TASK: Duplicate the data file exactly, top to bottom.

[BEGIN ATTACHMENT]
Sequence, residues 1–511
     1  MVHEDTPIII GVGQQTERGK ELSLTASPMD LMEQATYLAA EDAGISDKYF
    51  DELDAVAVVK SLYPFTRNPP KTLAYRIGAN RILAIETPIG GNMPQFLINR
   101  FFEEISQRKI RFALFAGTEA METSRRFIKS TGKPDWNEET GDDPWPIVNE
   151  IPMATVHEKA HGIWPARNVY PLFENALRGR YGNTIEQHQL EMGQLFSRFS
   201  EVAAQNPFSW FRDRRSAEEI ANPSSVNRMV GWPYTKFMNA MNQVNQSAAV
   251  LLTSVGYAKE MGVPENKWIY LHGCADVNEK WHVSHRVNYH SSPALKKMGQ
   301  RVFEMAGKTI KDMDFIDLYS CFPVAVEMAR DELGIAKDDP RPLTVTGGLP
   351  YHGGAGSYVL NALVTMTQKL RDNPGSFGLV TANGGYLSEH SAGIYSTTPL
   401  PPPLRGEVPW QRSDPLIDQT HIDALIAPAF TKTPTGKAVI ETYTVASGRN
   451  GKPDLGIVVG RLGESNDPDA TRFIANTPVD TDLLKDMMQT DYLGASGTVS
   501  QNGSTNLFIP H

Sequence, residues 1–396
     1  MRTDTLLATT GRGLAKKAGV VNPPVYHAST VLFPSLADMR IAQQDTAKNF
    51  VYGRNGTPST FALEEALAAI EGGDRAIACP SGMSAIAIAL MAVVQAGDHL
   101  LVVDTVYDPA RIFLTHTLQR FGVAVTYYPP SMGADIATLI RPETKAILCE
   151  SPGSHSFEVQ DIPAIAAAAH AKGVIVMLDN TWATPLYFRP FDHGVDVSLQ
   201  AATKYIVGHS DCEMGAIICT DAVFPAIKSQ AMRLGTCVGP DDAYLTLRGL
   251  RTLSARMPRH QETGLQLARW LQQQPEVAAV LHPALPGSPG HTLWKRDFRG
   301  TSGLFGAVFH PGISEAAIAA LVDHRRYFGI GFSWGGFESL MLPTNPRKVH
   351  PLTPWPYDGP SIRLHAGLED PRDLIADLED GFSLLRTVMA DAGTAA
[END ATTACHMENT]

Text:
Sequence, residues 1–511
     1  MVHEDTPIII GVGQQTERGK ELSLTASPMD LMEQATYLAA EDAGISDKYF
    51  DELDAVAVVK SLYPFTRNPP KTLAYRIGAN RILAIETPIG GNMPQFLINR
   101  FFEEISQRKI RFALFAGTEA METSRRFIKS TGKPDWNEET GDDPWPIVNE
   151  IPMATVHEKA HGIWPARNVY PLFENALRGR YGNTIEQHQL EMGQLFSRFS
   201  EVAAQNPFSW FRDRRSAEEI ANPSSVNRMV GWPYTKFMNA MNQVNQSAAV
   251  LLTSVGYAKE MGVPENKWIY LHGCADVNEK WHVSHRVNYH SSPALKKMGQ
   301  RVFEMAGKTI KDMDFIDLYS CFPVAVEMAR DELGIAKDDP RPLTVTGGLP
   351  YHGGAGSYVL NALVTMTQKL RDNPGSFGLV TANGGYLSEH SAGIYSTTPL
   401  PPPLRGEVPW QRSDPLIDQT HIDALIAPAF TKTPTGKAVI ETYTVASGRN
   451  GKPDLGIVVG RLGESNDPDA TRFIANTPVD TDLLKDMMQT DYLGASGTVS
   501  QNGSTNLFIP H

Sequence, residues 1–396
     1  MRTDTLLATT GRGLAKKAGV VNPPVYHAST VLFPSLADMR IAQQDTAKNF
    51  VYGRNGTPST FALEEALAAI EGGDRAIACP SGMSAIAIAL MAVVQAGDHL
   101  LVVDTVYDPA RIFLTHTLQR FGVAVTYYPP SMGADIATLI RPETKAILCE
   151  SPGSHSFEVQ DIPAIAAAAH AKGVIVMLDN TWATPLYFRP FDHGVDVSLQ
   201  AATKYIVGHS DCEMGAIICT DAVFPAIKSQ AMRLGTCVGP DDAYLTLRGL
   251  RTLSARMPRH QETGLQLARW LQQQPEVAAV LHPALPGSPG HTLWKRDFRG
   301  TSGLFGAVFH PGISEAAIAA LVDHRRYFGI GFSWGGFESL MLPTNPRKVH
   351  PLTPWPYDGP SIRLHAGLED PRDLIADLED GFSLLRTVMA DAGTAA